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It seems she could and she did it. But how? From chapter IX:

Mrs. Morel had had a few pounds left to her by her father, and she decided to buy her son [Arthur] out of the army. He was wild with joy. Now he was like a lad taking a holiday.

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"Buying" someone out of military service is a procedure also known as "discharge by purchase". It basically consists of paying the service, in this case the army, a fine in return for leaving before the agreed date. As explained in a parliamentary debate in 1948, at which time the process was being reintroduced having been suspended during the Second World War:

A soldier who purchases his discharge is required to pay a sum of money to the War Department in order to be allowed to break his contract. It would hardly be reasonable to give the benefits which he would have received if he had fulfilled the contract.

(Hansard, 7 December 1948).

Arthur had "taken the king's shilling", that is, had voluntarily enlisted, and would be expected to serve out his time (following the Cardwell reforms this would have had a maximum duration of twelve years, but its precise duration would vary between which branch of the service he was serving in). In order to leave earlier he would have to purchase his discharge - using the "few pounds" that his mother possessed. This would be a reasonable sum of money in 1913, roughly equal to 500 pounds in 2024, and equivalent to a few months' pay for an ordinary infantryman.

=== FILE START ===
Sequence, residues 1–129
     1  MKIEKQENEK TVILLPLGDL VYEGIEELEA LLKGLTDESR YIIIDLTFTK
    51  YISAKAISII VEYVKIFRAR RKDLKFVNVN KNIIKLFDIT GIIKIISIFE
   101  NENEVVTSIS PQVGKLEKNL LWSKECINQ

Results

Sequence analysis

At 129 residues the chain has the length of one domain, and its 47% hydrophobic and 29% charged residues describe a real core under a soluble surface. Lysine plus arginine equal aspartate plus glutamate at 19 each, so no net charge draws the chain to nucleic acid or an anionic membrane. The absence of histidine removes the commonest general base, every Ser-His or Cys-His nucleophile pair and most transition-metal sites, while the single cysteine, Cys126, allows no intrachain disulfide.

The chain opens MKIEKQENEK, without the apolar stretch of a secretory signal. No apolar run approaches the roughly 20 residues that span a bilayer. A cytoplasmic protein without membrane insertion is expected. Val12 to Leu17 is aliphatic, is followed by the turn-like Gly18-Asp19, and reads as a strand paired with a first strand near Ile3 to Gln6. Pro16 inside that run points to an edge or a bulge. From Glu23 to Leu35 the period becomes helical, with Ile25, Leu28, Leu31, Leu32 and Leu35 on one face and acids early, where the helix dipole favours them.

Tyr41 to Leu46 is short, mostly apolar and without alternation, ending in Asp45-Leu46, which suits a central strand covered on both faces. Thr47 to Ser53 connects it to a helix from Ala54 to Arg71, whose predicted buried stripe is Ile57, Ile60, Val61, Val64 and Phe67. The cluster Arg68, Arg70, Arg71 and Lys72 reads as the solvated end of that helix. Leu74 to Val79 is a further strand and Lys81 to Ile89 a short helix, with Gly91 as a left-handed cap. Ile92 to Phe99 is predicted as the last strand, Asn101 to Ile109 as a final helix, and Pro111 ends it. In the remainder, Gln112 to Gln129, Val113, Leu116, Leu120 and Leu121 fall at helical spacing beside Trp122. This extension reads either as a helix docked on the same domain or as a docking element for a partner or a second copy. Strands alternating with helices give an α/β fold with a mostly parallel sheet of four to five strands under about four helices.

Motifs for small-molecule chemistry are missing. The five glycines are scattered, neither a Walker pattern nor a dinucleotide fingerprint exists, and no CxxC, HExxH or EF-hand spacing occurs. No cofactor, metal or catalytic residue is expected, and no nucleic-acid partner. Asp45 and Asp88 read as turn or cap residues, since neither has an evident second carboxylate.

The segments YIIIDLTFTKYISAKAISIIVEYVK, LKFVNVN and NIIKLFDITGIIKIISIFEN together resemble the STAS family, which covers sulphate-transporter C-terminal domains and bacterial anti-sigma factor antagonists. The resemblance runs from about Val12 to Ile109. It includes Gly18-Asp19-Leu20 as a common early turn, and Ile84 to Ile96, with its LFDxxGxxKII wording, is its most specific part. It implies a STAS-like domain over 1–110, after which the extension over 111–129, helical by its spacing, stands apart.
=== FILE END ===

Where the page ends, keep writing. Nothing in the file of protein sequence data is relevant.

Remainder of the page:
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  • If a few pounds were enough to buy her son out, I guess it would be a lot of money?Could anyone tell how much a pound at that time is equivalent to in terms of the pounds now?
    – Ethan
    Apr 3 at 10:23
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    From an inflation calculator in2013dollars.com/uk/inflation/1910?amount=1 1 pound in 1910 is equivalent to about 150 pounds now. But it may be fairer to compare it to a soldiers's rate of pay. An ordinary infantryman would earn about a shilling a day, so a few pounds would be a few month's pay. Apr 3 at 10:44
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    The last sentence is inconsistent: "This would be a reasonable sum of money in 1913, roughly equal to 500 pounds in 2024, and equivalent to a few months' pay for an ordinary infantryman." In 2024, a few month's pay is several thousand pounds, not 500 pounds.
    – Stef
    Apr 3 at 17:17
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    @Stef you see the difficulty of comparing monetary sums in different eras. Apr 3 at 17:46
  • The author mentioned the finance of the family many times, such as how much Mr Morel gave his wife each week and how much he kept for himself, and how Paul went to the company to collect his father's wage. What I can find at the moment is "... although Morel was a good miner, sometimes earning as much as five pounds a week ...". Even though this was so tight a budget including Mr Morel's drinks, it seems to me that using a few pounds to buy a son out of the army was a very good deal.
    – Ethan
    Apr 3 at 20:53

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